Curioser and curioser. Just another day at the office. If the office is Guantanamo Bay.
I don't know what to say, other than my heart goes out to the families of those involved in the three deaths at this year's Detroit Free Press/Flagstar Marathon. Last week, the death of a 23 year old man at the Baltimore Marathon at the 25th mile (around 2 hours or so before I reached that point) marked at least the fourth time in which I have been involved in a race with at least one fatality (last year's ING New York Marathon had two).
One of the Detroit deaths-- a man in his 60's who evidently fell on his head-- could happen anywhere. The others, the deaths of seemingly well-conditioned men in their 20's or 30's, on track to run finishing times that I, now pushing 47, have long since given up dreaming of, presents something much more curious.
Certainly, congenital heart defects, or hyponatremia (low blood sodium caused by over- hydrating) could be what's going on... But I'm wondering to what extent we're talking about flu... particularly, given some of the vagaries of this particular flu season which make it seem... unusually worrisome. Perfectly healthy, indeed, extraordinarily well-conditioned, young men just succumbing...
Certainly, we could be seeing men "going for a time" that they are just not sufficiently well-conditioned to achieve... or it could be something else. Don't know. We can all hope that these are some tragic, freak occurrence that, unfortunately, is just happening close together in time. Certainly, the weather in Detroit, low 40's and overcast, and in Baltimore last week, mid-60's and light rain, is usually considered good marathoning weather (and as someone who often confronts sunny days in the mid to high 80's, let me say... it is).
So... while we can all hope that the tragic loss of these young men is not some kind of "canary in a coal mine" moment... Let's just say... I wonder...
Is right twice a day. And while not right quite that often, when no less a troubling figure than former Federal Reserve Board Chairman Alan "I know all about the financial precipice and debacle we are in because I CAUSED it" Greenspan tells us that big banks should be broken up, it's kind of like if the CEO of ExxonMobil complained about the difficulties of oil drilling under all that extra water that for some reason got so deep lately ... in other words, it's doubtless something we have to listen to, albeit, way, way too late, regardless of the speaker's contribution to the problem itself.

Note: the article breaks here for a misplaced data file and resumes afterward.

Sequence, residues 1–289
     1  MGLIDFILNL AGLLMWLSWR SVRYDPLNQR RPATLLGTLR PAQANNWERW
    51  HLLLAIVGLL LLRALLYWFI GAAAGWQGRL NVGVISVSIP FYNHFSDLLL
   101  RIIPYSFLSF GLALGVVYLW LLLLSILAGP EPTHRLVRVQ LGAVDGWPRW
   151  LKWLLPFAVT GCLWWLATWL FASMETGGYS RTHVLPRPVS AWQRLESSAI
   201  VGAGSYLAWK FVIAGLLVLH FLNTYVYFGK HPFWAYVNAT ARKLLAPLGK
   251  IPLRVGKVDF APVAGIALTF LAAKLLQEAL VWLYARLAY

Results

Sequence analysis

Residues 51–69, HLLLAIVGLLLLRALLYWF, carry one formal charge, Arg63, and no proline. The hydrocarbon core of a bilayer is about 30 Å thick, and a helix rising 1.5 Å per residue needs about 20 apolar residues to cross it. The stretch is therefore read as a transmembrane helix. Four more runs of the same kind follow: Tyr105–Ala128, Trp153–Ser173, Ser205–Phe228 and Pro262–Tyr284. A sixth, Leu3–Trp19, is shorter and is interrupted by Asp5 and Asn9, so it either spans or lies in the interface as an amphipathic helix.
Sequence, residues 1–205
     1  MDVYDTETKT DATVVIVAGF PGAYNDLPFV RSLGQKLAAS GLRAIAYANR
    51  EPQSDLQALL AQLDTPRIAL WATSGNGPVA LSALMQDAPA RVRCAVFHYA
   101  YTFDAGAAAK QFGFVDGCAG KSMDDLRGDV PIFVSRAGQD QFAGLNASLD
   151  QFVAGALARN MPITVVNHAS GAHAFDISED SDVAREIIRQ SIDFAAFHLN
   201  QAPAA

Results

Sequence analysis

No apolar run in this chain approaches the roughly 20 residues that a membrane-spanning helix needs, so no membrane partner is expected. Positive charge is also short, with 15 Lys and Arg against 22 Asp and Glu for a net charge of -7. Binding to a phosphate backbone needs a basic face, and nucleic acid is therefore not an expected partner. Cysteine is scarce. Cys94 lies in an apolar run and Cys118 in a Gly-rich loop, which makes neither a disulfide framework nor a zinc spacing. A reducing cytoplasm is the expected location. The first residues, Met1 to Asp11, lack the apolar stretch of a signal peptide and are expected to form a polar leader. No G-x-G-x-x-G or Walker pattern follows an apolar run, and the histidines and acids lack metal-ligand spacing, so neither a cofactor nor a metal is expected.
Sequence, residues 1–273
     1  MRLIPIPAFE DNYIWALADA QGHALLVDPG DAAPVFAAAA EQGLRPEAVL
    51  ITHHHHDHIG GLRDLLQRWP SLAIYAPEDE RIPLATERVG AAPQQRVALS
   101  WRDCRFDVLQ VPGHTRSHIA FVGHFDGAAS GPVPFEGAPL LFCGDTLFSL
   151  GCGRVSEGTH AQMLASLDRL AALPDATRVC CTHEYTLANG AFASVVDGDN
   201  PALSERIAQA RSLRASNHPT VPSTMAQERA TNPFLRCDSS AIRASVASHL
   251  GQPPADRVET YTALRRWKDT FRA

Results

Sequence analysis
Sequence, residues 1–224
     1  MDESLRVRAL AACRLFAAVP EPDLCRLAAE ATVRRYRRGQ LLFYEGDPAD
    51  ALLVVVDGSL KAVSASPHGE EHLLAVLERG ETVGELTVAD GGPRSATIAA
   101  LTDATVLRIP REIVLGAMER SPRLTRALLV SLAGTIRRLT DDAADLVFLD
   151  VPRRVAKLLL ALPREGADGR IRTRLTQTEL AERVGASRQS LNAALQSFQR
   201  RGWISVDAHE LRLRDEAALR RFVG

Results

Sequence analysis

Greenspan rightly notes that tweaking capital requirements and other technical fixes won't do when the government has intervened and created financial behemoths who can simply have lower borrowing costs than their competitors and other competitive advantages simply by virtue of their size. Greenspan notes that it undermines his (Randian) philosophical underpinnings-- but as with Standard Oil a century ago...too big to fail is...just plain too big. And so, the behemoth banks... have to be broken up to sustain systemic health. But will they be?
Well, re: Greenspan's sudden lucidity... better late than never, I guess. But, instead of screwing around over comparative trivia like one bank executive's compensation package, this sort of sound systemic thinking... from Greenspan of all people... should be heeded by the Government... and quickly. Will it? Not how you bet, I'm afraid.
Another day, another case alleging prisoners tortured and abused at the hands of the United States Government, and another assertion by the Obama Administration that the Bush Administration and its officials be shielded from such a suit. In this case, the lawsuit was brought by the families of two detainees who were found dead in their cells in 2006.
While there is certainly legal "flux" in just how responsible the government might be legally in tense situations such as GTMO (or even stateside prison settings) where mental health starts to deteriorate and conditions go untreated, the Obama Administration makes it nice and simple, asserting simply that the Fifth and Eighth Amendments (that's the requirement on due process of law and the ban on cruel and unusual punishment) don't apply to actions of the U.S. government when it doesn't want them to and application of that darned Constitution would (shucks) just be so, you know, embarrassing to the U.S. of A.
I'll just say... I don't think so. Even the "torture memos" didn't claim the Constitution "didn't apply"... it simply made up new definitions of what constituted "cruel and unusual punishment." In some sense, the current position is at least more honest than the Bush/Addington/Cheney/Yoo, et al. crew (kind of the difference between Roberts/Alito and Scalia/Thomas... the former pretend that they are not intent on radically altering jurisprudence, the latter happy to tell you of their intent)... but it still seems a radical departure from what was once thought to be the law.
But its not a radical departure from positions taken in the Bush Administration. In fact, its indistinguishable... the consistency, in fact, is maddening.
As last year's winner Professor Paul Krugman tells us, with its choice of two social scientists, Indiana University's Elinor Ostrum (first female Nobel economics laureate) and U.C. Berkeley's Oliver Williamson for the Nobel economics medal, the Nobel committee was recognizing the preeminence of economic thought that dominated the field prior to World War II (and the Great Depression), to wit, a view that how institutions are formed, legal structures, incentives and so forth... matter, and that it's not a bunch of mathematical econometric models (most of which don't work anyway).
In short, it seems, that with the world's currently being on an economic precipice has convinced the Nobel economics committee to be creative (not exactly in the same way as the peace prize committee) and recognize that, in fact, contrary to how economic science tells it, business and economic activity don't... wait for it... they don't operate in a vacuum.